Do they or don’t they? Turns out they don’t.
Virginia’s Fourth Circuit Court of Appeals on Tuesday ruled law enforcement officers do not need a warrant to obtain cell site location information from wireless carriers, after all.
The 12-3 decision, which came as part of an armed robbery case against Aaron Graham and Eric Jordan, overturned a 2015 opinion from a three-member panel of the same court.
Though the court’s three member panel previously held warrantless acquisition of these records would violate a defendant’s Fourth Amendment protections against unreasonable searches and seizures, the full court found a user’s cell phone location information is fair game because it is information “voluntarily” turned over to a third party.
The court majority said the third-party doctrine applied to wireless carriers even though that user information is given to them “on the assumption that it will be used only for a limited purpose and the confidence placed in the third party will not be betrayed.”
“A cell phone user voluntarily enters an arrangement with his service provider in which he knows that he must maintain proximity to the provider’s cell towers in order for his phone to function,” Judge Diana Motz wrote in the majority opinion. “Anyone who has stepped outside to ‘get a signal,’ or has warned a caller of a potential loss of service before entering an elevator, understands, on some level, that location matters.”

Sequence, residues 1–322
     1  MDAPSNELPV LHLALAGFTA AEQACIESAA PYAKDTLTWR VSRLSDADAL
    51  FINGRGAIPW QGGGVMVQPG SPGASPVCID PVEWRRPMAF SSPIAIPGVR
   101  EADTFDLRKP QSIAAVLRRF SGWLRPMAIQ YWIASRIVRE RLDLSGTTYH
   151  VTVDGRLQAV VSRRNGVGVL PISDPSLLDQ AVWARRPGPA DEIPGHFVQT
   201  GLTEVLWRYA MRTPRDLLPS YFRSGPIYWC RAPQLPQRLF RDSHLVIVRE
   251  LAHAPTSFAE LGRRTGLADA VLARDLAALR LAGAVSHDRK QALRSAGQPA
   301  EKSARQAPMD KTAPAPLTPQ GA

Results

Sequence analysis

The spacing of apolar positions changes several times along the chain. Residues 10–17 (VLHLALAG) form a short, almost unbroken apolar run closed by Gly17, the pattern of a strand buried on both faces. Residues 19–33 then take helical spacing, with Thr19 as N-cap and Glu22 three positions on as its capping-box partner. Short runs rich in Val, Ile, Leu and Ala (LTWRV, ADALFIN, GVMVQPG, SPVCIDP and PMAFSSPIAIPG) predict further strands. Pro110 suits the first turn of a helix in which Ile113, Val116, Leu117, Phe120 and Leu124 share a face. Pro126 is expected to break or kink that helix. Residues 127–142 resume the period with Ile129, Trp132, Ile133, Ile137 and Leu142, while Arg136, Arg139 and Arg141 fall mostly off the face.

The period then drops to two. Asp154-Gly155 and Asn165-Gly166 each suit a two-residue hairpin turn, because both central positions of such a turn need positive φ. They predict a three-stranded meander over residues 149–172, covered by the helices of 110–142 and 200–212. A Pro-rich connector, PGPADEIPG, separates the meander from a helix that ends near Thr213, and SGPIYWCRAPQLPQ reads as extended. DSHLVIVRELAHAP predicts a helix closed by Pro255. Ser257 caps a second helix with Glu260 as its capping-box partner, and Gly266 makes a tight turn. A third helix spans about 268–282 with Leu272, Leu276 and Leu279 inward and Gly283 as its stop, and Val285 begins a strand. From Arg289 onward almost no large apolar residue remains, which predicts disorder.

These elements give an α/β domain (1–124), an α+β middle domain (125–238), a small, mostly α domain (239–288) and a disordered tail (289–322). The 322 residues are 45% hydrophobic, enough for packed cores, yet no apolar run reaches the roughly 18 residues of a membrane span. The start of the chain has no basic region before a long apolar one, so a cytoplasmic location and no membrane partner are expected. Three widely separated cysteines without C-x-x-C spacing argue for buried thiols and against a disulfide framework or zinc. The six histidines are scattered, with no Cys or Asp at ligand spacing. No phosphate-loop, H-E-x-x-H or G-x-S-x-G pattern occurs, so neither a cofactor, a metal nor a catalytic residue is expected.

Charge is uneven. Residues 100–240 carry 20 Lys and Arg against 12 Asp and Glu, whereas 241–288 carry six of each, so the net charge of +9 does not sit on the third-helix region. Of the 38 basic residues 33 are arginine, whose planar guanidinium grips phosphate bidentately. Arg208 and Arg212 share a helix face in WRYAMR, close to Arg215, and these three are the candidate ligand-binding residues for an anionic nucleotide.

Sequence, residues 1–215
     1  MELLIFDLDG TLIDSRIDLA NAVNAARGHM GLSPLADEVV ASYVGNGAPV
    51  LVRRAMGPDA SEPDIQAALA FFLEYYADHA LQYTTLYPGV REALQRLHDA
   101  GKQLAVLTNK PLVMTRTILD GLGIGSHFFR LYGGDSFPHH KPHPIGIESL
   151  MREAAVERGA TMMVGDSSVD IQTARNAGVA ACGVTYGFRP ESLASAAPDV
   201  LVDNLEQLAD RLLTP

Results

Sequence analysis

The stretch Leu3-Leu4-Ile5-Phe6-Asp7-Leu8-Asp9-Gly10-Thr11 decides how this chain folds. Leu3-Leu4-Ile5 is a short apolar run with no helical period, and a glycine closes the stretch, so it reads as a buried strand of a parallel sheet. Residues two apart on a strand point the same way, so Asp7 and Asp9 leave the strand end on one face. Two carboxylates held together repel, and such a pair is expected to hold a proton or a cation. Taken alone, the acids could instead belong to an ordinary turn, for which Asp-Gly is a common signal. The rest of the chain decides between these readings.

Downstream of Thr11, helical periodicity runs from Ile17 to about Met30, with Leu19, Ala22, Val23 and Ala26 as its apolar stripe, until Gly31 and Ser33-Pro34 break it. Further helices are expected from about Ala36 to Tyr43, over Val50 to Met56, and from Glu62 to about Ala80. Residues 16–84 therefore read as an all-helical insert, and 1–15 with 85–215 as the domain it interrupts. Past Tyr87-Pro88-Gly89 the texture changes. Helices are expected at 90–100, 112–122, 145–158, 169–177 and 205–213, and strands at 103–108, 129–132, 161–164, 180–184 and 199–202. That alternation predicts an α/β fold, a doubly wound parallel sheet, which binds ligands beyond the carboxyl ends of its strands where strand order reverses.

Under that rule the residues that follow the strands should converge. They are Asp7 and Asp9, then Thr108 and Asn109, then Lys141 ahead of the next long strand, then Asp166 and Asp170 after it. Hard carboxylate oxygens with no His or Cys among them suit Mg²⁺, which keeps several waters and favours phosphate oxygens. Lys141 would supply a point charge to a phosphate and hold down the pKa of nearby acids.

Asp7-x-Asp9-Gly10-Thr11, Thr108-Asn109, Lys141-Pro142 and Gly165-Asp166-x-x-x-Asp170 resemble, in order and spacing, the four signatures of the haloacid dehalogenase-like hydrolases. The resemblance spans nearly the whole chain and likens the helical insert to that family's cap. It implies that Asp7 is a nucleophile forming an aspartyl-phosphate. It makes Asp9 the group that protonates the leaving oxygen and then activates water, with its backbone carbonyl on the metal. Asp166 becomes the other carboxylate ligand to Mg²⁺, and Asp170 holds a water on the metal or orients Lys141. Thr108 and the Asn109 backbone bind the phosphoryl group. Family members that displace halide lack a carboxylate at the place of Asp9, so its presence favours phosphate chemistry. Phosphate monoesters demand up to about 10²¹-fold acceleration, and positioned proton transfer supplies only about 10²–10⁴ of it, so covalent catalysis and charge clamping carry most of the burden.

Motz also argued that past case precedents from cases compelled the court to rule as it did.
In a dissenting opinion, however, Judge James Wynn argued two key factors are absent in the supposed “voluntary conveyance” of cellular location information that were present in the other cases cited by Motz: knowledge that certain information is being communicated and an action to submit that information to a third party.
“There is no reason to think that a cell phone user is aware of his CSLI, or that he is conveying it,” Wynn wrote. “And even if cell phone customers have a vague awareness that their location affects the number of ‘bars’ on their phone  they surely do not know which cell phone tower their call will be routed through, a fact even the government concedes.”
The ruling does not preclude the Supreme Court from hearing the case, but makes it less likely that it will do so. The Supreme Court last year declined to hear a similar case related to cellular location information.
According to Reuters, a panel of the Sixth U.S. Circuit Court of Appeals out of Kentucky, Michigan, Ohio and Tennessee also ruled no warrant was required for law enforcement to obtain cell phone location data. That decision has been appealed to the full court.
The Fourth Circuit Court’s decision presents a setback for privacy advocates, including the Electronic Frontier Foundation, the American Civil Liberties Union Foundation and the Center for Democracy and Technology, which filed amicus briefs in the case.